9. From union members to career professionals. A growing number of career and service delivery options, higher pay and broader respect will restore professionalism to teaching. A variety of teacher-owned enterprises will make teaching in the future more like the practice of law, real estate or medicine.
10. From theory-based teacher preparation to performance-based teacher preparation. There are no schools of education that adequately prepare teachers for a standards-based, technology-rich, high-performance environment. Coming from a variety of undergraduate programs and first careers, teachers will be trained and inducted by graduate schools, systems of schools and commercial providers.
11. From one-shot stand and deliver training to job-embedded, continuous professional development. A rich mixture of mentoring, personalized online learning opportunities and learning teams is replacing the occasional and unconnected training that most teachers receive.
12. From minutes of learning to lifetimes of learning. The growing recognition that some students will take substantially more time to achieve high expectations and the fact that most careers will require a lifetime of learning will shift the district debates from counting minutes in the day to creating new options for students.
The Emerging Architecture
13. From achievement for some to achievement for all. Our schools were designed to sort out bright students eager to pursue professional careers. In a knowledge-based society, all students must be literate and productive citizens. We know that it’s possible, we know that it’s necessary, we know that it is just.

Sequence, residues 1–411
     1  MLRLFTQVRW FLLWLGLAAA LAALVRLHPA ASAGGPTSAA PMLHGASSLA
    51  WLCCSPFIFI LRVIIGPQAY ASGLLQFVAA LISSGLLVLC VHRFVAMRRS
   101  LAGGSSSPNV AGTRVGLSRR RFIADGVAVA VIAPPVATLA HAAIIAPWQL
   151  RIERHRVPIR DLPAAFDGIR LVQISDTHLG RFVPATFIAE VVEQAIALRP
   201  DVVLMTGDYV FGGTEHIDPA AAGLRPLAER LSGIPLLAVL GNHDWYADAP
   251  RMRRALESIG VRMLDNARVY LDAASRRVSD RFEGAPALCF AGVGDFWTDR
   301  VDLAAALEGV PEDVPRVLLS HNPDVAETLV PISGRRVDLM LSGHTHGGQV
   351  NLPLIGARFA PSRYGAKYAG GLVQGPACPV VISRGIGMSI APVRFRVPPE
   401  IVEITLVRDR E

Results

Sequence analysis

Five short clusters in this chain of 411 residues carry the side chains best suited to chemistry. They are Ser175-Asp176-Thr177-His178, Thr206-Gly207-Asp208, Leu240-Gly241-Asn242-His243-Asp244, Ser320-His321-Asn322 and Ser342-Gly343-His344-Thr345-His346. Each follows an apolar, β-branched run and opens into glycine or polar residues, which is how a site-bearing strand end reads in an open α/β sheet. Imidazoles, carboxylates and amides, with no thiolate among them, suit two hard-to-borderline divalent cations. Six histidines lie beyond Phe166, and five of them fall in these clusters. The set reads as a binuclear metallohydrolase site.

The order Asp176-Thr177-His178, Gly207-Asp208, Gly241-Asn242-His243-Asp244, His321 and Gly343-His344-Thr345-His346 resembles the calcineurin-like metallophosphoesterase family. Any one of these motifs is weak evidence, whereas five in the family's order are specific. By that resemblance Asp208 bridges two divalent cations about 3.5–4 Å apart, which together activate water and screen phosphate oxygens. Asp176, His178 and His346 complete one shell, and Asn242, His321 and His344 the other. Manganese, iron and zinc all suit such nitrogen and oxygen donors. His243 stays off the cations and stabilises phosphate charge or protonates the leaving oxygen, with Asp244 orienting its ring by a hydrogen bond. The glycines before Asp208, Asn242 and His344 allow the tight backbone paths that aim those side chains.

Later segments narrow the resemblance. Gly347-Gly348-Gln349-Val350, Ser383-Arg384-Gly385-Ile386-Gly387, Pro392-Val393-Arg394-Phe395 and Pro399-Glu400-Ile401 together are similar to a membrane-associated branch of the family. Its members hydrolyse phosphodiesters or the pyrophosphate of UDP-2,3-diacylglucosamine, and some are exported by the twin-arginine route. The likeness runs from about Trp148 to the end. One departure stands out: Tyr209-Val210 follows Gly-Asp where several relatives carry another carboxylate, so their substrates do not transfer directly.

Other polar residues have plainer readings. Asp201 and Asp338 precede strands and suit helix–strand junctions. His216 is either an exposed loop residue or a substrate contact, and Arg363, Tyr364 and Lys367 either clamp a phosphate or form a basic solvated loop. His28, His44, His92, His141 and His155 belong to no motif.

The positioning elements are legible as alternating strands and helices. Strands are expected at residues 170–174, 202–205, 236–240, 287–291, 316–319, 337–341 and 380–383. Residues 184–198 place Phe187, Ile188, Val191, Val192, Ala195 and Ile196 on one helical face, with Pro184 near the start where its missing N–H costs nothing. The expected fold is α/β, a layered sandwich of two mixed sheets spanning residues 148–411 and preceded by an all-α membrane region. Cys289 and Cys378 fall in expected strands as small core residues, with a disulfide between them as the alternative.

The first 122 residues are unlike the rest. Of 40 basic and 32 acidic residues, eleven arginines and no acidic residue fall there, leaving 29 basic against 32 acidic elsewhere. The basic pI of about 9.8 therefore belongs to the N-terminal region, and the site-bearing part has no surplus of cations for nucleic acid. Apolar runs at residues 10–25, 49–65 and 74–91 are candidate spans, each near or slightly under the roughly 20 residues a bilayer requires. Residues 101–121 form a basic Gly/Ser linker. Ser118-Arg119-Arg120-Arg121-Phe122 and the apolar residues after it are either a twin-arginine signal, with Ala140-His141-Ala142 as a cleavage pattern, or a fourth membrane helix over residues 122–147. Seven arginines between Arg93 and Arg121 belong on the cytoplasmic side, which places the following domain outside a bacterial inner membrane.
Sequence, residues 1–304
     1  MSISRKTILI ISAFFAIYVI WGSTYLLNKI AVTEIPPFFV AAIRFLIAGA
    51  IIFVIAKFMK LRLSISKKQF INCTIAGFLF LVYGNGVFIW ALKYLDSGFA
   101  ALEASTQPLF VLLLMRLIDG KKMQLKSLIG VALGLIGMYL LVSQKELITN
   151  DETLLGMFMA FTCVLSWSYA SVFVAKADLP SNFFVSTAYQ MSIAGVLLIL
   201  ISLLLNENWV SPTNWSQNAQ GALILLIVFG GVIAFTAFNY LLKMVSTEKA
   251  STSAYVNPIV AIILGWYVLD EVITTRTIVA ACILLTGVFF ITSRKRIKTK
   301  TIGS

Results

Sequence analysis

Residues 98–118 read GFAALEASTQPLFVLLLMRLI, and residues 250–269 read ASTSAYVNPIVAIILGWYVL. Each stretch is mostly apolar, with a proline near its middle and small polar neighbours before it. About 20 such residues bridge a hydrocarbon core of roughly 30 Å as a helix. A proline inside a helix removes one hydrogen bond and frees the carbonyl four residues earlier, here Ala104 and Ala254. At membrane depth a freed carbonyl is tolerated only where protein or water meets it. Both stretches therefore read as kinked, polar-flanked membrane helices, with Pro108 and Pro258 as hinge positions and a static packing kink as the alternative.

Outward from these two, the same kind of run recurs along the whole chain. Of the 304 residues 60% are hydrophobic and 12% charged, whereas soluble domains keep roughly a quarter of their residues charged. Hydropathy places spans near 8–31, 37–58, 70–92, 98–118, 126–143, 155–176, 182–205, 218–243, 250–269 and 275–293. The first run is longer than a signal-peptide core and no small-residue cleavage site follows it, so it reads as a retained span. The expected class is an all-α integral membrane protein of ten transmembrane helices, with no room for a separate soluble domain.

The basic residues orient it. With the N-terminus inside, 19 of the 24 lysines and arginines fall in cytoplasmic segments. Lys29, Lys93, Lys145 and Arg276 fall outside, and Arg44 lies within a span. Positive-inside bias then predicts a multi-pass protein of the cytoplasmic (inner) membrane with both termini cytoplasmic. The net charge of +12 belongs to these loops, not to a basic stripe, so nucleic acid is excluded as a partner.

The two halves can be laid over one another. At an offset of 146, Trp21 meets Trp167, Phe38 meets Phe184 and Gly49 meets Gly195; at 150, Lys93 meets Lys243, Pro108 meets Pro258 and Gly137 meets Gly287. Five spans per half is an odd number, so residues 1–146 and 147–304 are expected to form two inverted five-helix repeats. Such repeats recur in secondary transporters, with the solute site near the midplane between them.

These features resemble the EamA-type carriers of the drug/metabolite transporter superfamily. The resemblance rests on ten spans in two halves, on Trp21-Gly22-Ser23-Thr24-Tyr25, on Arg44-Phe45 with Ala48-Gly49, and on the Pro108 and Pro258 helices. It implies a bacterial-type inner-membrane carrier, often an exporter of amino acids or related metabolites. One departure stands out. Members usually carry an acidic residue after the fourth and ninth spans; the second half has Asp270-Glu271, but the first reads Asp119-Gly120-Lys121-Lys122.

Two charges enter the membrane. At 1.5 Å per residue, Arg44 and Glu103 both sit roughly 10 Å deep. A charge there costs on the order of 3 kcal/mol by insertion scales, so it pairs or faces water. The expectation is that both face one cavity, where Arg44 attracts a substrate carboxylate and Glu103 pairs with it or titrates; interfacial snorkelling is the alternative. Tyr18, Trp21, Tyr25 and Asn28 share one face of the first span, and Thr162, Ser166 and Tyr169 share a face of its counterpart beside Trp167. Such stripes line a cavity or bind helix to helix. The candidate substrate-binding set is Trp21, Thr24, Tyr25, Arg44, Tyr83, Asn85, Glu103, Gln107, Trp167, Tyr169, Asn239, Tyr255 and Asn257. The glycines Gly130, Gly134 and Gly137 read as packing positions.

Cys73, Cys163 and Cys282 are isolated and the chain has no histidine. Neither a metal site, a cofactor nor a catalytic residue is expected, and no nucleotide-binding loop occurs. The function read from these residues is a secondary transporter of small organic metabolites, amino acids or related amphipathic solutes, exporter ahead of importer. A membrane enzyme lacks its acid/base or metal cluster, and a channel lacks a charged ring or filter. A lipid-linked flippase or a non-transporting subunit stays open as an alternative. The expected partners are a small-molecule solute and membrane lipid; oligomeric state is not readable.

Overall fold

14. From time to performance. Rather than moving in lock-step age cohorts, students in performance-based systems will progress continually and move to the higher levels of study when they are prepared to succeed.
15. From top-down districts to networks of like-minded schools. The failure of command control school districts, combined with common state standards, school-based management and accountability, has opened the door to networks of like-minded schools that share an ideology and common support services.
16. From large comprehensive schools to small focused schools. Large comprehensive high schools don’t work for many students and often are dehumanizing places for adults to work. Schools that work for all students are small and focused. Choice mechanisms are expanding networks of small, focused schools and accountability mechanisms will lead to the breakup of large ineffective schools into small effective units.
17. From discipline to core values. The artificial effort to impose discipline on inhuman environments will give way to personal, civic and occupational values modeled and taught by teams of teachers in intimate settings.
18. From treading water to making a future. After demonstrating a high level of literacy and problem-solving skills, students will spend the last year or two of high school preparing for the future rather than collecting just enough credits to graduate. Many students will leave high school well on their way to an associate’s degree or industry certification.
The Emerging Accountability
19. From grades to demonstrations. After the first round of train wrecks caused by the widespread misuse of standardized, norm-referenced tests as high stakes, high standards gateways, there will be renewed interest in demonstrations of student work that reflects both high, common expectations and the student’s personal experience and growth – academic, personal, civic and occupational